But this year, her mamaw’s age had begun to slow her down a bit, and Evie-Willa was more than willing to help her. As she had grown, her devotion to her mamaw had grown. It is difficult for small children to appreciate the sacrifices that adults make for them, and Evie-Willa was just beginning to realize how devoted and loving her mamaw had been to her since her mother left.
Evie-Willa was also old enough now that her mamaw was more open to speak with her about things that she hadn’t been before. As they walked through the canvas of massive oak and pecan trees that blanketed over dozens of graves, her mamaw reminisced about the relatives that were buried there. Her great-grandfather, who had bright red hair and fought in the Civil War. Her beloved grandmother who bore eleven children, only to have four live to adulthood. Her mother and aunts, who spent their teenage years picking cotton and lived their lives with dignity and kindness. Even though they didn’t live long enough for Evie-Willa to know them, she felt a powerful connection to them. She felt them in her life daily, their influences, their morals, the devotion to their families. They did not know her at all, but she knew them, and it didn’t minimize the connection that she felt with them. Even though they did not know her, they prepared for her in the lives that they lived, paved the way for her to become the kind of woman that they would be proud of.
As Evie-Willa and her mamaw neared the edge of the cemetery toward a lone grave to place the last wreath of the day, her mamaw’s eyes welled up with tears. She began to speak of her sister, and how they’d been born only ten months apart. They had been inseparable from the time that they could walk. Her mamaw described how her sister had died in childbirth, leaving behind two small children and a loving husband. Her mamaw witnessed it all, the agonizing screams of her sister’s children when the midwife couldn’t revive her, and how they all watched in horror as the life drained out of her. How her husband had remarried shortly after and moved away, taking with him the children, the only parts of her sister that were left, even though she understood that staying would be too painful and difficult for them. Evie-Willa was astounded that her mamaw had never told her this before, but could see the pain that her face wore as she described her. When they reached the tombstone, Evie-Willa looked down at the name on the tombstone and her breath caught.
Loving daughter, sister, wife, and mother.
As Evie-Willa lay in the clearing at the creek, the frigid water flowing over her legs, her heart became engulfed with grief as the memories swept over her. Her mamaw was gone. She woke up that day to what felt like any other day, going about her normal routine until she got the phone call, and ignorant to the fact that by that evening she would be standing over a hospital bed watching her mamaw’s breaths get farther and farther apart. Until there were none. It wasn’t fair. Evie-Willa could not comprehend why God would allow evil people to walk around freely in the world, yet take someone as kind and giving as her mamaw. A surge of tears ran down her face at the realization that her life had transformed in an instant. She wanted to run far away from the grief, away from the intense heartbreak that she was experiencing. As the moon shone down on her, she began to think about her mamaw’s unwavering faith, then felt a twinge of guilt for questioning her own. She still wasn’t sure whether or not she still believed in God, but Beth’s words from long ago had clung to her throughout her life;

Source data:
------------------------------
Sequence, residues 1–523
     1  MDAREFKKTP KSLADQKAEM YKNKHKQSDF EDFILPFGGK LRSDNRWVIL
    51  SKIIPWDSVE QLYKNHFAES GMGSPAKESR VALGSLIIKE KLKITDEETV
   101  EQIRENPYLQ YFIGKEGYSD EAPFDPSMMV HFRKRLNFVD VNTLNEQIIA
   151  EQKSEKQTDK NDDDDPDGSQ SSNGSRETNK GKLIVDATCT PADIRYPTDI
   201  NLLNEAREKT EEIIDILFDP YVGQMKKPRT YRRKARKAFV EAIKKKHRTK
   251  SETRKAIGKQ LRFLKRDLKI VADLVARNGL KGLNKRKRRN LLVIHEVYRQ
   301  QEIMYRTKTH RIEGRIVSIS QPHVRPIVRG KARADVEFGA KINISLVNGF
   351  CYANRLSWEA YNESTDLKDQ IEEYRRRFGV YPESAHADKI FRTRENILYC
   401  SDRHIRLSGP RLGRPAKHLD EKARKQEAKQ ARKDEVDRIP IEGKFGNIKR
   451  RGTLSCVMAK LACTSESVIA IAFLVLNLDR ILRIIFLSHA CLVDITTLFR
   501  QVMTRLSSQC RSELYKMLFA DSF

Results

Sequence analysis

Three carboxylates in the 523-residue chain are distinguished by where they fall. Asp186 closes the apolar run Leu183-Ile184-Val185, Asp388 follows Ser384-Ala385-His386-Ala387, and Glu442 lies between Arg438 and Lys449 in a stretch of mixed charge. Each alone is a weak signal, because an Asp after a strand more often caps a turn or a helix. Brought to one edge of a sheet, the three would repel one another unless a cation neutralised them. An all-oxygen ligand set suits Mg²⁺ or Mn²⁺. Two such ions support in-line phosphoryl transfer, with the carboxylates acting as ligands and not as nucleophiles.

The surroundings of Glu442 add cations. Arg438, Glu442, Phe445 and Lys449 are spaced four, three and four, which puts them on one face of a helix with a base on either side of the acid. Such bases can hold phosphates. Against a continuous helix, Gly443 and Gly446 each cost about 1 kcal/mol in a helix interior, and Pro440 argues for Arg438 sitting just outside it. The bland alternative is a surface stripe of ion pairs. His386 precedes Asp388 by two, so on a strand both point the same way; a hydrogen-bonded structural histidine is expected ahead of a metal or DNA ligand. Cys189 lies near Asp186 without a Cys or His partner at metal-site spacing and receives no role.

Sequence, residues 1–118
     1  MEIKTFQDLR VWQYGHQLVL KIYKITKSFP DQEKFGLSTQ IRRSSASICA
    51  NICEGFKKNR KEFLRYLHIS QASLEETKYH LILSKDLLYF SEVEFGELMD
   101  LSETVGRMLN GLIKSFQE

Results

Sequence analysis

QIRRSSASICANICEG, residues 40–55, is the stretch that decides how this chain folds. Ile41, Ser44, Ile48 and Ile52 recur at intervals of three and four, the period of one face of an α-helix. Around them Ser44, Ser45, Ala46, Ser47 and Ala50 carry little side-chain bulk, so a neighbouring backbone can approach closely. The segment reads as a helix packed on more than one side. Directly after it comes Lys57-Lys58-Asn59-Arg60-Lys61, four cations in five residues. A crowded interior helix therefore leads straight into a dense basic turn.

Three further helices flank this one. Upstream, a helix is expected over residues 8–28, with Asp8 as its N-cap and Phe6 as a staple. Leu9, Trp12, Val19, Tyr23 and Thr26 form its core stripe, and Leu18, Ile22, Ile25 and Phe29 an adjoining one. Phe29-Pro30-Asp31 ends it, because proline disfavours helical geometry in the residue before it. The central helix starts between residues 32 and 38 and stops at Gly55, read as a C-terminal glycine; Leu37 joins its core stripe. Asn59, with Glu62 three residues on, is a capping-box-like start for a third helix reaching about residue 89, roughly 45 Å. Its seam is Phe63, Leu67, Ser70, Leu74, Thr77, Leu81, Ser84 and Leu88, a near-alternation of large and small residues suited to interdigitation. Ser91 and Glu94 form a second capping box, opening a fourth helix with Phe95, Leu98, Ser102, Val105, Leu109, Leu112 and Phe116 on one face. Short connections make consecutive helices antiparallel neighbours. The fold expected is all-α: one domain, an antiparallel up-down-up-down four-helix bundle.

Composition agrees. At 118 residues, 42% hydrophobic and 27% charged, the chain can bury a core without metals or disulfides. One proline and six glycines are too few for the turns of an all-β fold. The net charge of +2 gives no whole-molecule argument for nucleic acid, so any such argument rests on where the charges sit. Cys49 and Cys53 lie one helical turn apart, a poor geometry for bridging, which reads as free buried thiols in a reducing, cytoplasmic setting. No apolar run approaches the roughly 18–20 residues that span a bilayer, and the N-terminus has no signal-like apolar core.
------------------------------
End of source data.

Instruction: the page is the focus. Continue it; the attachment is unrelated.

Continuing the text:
You must believe in something greater than yourself before you can have a peaceful and happy life.
What she was sure of was that she was surrounded by the spirit of those whom she may not have known, but loved nonetheless. Those spirits protected and guided her, their legacies and wisdom passed down from one generation to another. Faith is risky. You can’t control it; you just have to accept it or not. Choosing to have faith, maybe not in religion, but in something greater, was the only thing that Evie-Willa knew how to do. If you don’t have faith in something, what do you have? Faith helps to heal those vulnerable and broken places inside of you. Faith diminishes anguish and provides hope for better days ahead, possibilities that aren’t yet seen.
Evie-Willa also knew that, although the grueling misery that resided in her heart did not define the legacy that her mamaw, and the ones who left this world before Evie-Willa was even born, gifted to her. As she lay in the moonlight, soaking in the moonlight and the pulse of the universe, absorbing the sounds of the world that continued to turn despite her pangs of agony, she realized that they do not live in a grave at the cemetery, or in the beautiful places where you release their ashes back to the universe. They live in the places that made them, where they experienced joy and even heartache, the element battered homes that hold their secrets. They live within the flowers that they planted in the days when their own lives were in bloom, perhaps the height of their days when they were surrounded by babies and all of the things that made them feel whole, the irises and lilies that grow back every year no matter how cold and harsh the winter is. They live in the midst of the trees that heard the laughter and tears when life was filled with joys and heartaches, the whispers of hope and serenity of being. They live within the light of the moon as the spirit of all they were transcends darkness and grief.